9 Netflix Shows To Watch Now That 'Friends' Has Left
Call it the one where Friends left Netflix on Jan. 1, leaving fans without the Central Perk crew that had been there for them since the '90s. Sure, saying goodbye to Ross, Rachel, Monica, Phoebe, Chandler, and Joey (again!) wasn't easy, but at least there's the comfort of knowing you can still stream other Netflix shows that are similar to Friends.
Plus, reruns of the beloved NBC comedy remain in heavy rotation elsewhere. HBO Max will have the exclusive Friends streaming rights when the new streaming service launches this spring. "We're sorry to see Friends go to Warner's steaming service at the beginning of 2020 (in the US)," read a July tweet from the official Netflix officially account, following WarnerMedia's summer announcement. "Thanks for the memories, gang."
For anyone in need of a comedy fix — perhaps along with a healthy dose of nostalgia, too — Netflix still has plenty of series to help fill the void. Some of them, like Showtime's award-winning comedy Episodes and Netflix's original series, Living with Yourself, even star Friends cast members, such as Matt LeBlanc and Paul Rudd.
Either way, you can always make new friends, too, and some of these casts may even make you forget your disappointment completely. Check out nine of the series currently available to stream on Netflix that will keep the laughs going, below.
For those looking to fill the Joey-sized hole in their hearts, the Showtime comedy series, which ran from 2011 to 2017, stars Matt LeBlanc as a satirical version of himself. The actor has even won a Golden Globe, in addition to receiving four Primetime Emmy nods, for his role in the series, also from Friends co-creator David Crane.
'Living with Yourself'
Paul Rudd may have only appeared in 17 of Friends' 236 total episodes, but his role as Phoebe's husband Mike clearly made an impression on fans of the NBC sitcom. In Netflix's existential comedy, the actor pulls double duty as Miles, a man struggling with life, who finds he's been replaced by a new and improved version of himself following a "novel spa treatment."
'Unbreakable Kimmy Schmidt'
Filled with NBC vets, the Netflix comedy follows the hilarious fish out of water adventures of Kimmy (Ellie Kemper), a former "mole woman" who gets a fresh start in New York City after being held captive in an underground bunker for 15 years as part of a reverend's cult. She becomes a shining example of how "females are strong as hell."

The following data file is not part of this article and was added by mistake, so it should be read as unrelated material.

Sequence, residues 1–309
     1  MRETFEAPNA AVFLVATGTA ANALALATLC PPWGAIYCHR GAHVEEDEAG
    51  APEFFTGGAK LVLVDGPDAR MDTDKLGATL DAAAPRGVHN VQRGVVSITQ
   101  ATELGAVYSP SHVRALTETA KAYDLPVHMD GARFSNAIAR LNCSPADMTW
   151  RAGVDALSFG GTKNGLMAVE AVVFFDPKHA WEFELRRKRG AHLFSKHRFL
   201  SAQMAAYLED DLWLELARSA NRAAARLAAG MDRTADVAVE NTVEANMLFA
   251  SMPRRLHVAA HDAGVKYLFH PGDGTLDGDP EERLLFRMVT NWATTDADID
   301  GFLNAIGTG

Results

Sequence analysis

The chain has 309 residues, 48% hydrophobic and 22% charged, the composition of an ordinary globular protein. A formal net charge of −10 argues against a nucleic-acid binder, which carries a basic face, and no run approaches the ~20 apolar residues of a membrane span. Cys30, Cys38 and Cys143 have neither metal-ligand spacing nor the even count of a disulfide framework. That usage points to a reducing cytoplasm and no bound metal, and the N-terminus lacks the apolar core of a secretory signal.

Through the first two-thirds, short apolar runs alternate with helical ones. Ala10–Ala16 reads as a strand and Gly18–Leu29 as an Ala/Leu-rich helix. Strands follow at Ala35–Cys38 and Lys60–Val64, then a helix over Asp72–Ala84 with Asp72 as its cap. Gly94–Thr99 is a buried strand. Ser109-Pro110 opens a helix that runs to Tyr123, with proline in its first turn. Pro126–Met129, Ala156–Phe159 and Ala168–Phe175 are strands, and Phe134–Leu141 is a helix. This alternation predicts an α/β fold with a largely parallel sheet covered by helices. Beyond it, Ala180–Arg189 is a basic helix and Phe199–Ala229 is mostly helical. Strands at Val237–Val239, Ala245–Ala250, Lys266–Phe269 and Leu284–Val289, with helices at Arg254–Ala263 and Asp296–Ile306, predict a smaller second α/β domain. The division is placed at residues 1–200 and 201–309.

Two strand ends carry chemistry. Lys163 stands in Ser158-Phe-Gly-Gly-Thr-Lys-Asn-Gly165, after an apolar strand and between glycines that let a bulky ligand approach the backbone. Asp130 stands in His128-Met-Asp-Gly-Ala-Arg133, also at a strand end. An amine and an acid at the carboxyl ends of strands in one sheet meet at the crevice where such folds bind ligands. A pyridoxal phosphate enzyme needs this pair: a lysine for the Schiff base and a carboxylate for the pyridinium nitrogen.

Looking for another dose of '90s nostalgia? Tanner family fun time is back, as D.J., Stephanie, and Kimmy Gibbler all reunite for the Full House spinoff series. Along with a new cast of characters (including widowed D.J.'s kids), there are plenty of appearances from Danny, Uncle Jesse, Joey, and many others, too. Just don't expect to see the Olsen twins reprise their Michelle role.
Fans can return to Stars Hollow for a second viewing of the equally funny and heartwarming WB (and, later, CW) series centered on the unique mother-daughter relationship between Lorelai and Rory Gilmore. In addition to the classic 2000s TV show, Netflix also debuted a four-episode sequel series, Gilmore Girls: A Year in the Life in 2016.
The Pop TV and CBC Television comedy, which picked up widespread popularity after becoming available on the streaming service, has no shortage of laughs or iconic phrases. It follows the exploits of the once-wealthy Rose family, who suddenly find their lavish lifestyle ripped away, as they're forced to move into a motel in a small town that's actually called Schitt's Creek.
Another NBC comedy classic, The Office stars Steve Carell as Michael Scott, the hilariously inept leader of the perfectly cast Scranton, Pennsylvania-based Dunder-Mifflin crew. You may even find yourself rooting for Pam and Jim more passionately than you did Ross and Rachel, throughout the mockumentary's nine seasons.
'Friends From College'
The Netflix original comedy features another friend group living in New York City. The crew of Harvard grads, who are facing down their 40s, have "interwoven and oftentimes complicated relationships with one another." Sound familiar? One major difference, however, is that this group is much more diverse than the one featured on Friends.
'The Good Place'
You may find yourself uttering phrases like, "What the fork?" after viewing the NBC comedy that stars Kristen Bell as Eleanor Shellstrop who finds herself in a Heaven-like utopia (designed by Ted Danson's Michael) called "the Good Place." The only problem: Eleanor isn't so righteous. How did she end up there? The series takes some twists and turns to explain that, providing plenty of laughs along the way.